Being mindful, or being aware of what is happening both internally and externally, can help you achieve your goals according to a study published in the International Journal of Well-being. For example, let’s pretend you are trying to eat healthier foods, but one day after work you sit down with a pint of ice cream. Now, if you are on autopilot, you will probably eat the whole thing. But if you practice mindfulness, you will be able to stop and realize what you are doing. So maybe after eating only half the carton, you can stop yourself and realize that this is going against your goal.
If you forget about the other part of mindfulness, the non-judging part, you might get all upset with yourself and finish off the pint anyway. But if you don’t judge yourself, you will be able to see the situation logically, and it will be easier for you to stop. In this way, mindfulness can help you reach your goals.
2. Reduce Your Stress
This is something the majority of us could benefit from! There is even a formal method called Mindfulness-Based Stress Reduction that was invented in the 1970s by a man named Jon Kabat-Zinn. MBSR is taught at 250 hospitals to help patients deal with stress, anxiety, depression, chronic pain, and much more.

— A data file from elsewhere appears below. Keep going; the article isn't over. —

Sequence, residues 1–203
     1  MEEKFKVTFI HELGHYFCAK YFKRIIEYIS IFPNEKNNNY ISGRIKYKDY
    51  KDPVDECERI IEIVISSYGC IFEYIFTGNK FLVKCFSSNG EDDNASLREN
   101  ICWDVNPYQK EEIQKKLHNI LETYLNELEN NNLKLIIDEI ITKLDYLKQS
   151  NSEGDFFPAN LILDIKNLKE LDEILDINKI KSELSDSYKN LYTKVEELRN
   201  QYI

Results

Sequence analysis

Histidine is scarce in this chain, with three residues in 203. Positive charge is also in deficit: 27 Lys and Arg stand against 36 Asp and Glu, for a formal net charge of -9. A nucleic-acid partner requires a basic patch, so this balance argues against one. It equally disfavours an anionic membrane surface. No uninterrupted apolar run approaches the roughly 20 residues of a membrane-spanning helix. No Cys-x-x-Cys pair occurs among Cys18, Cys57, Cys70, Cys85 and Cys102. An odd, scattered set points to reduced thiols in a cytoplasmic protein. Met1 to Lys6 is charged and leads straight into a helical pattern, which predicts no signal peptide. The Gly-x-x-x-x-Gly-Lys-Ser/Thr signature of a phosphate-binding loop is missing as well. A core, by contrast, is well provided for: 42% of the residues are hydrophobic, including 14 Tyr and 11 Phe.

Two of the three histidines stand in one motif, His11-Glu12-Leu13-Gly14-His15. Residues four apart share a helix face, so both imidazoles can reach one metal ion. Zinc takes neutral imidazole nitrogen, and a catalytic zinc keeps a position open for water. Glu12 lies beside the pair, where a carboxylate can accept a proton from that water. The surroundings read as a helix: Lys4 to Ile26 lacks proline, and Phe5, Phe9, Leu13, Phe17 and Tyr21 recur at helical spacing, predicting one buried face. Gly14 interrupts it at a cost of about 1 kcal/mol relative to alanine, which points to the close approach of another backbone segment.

So how exactly does mindfulness help you reduce your stress? It works like this. When you practice mindfulness, you learn how to pause in moments of stress. Instead of letting your mind run amok while it is all hyped up on stress hormones, you learn to be in a state of ‘being’, which is associated with relaxation, rather than a state of ‘doing’, which is associated with action and stress. You are better able to resist your knee-jerk reactions of panic, and instead, you are able to think of solutions, which in turn help you reduce the level of stress you are experiencing.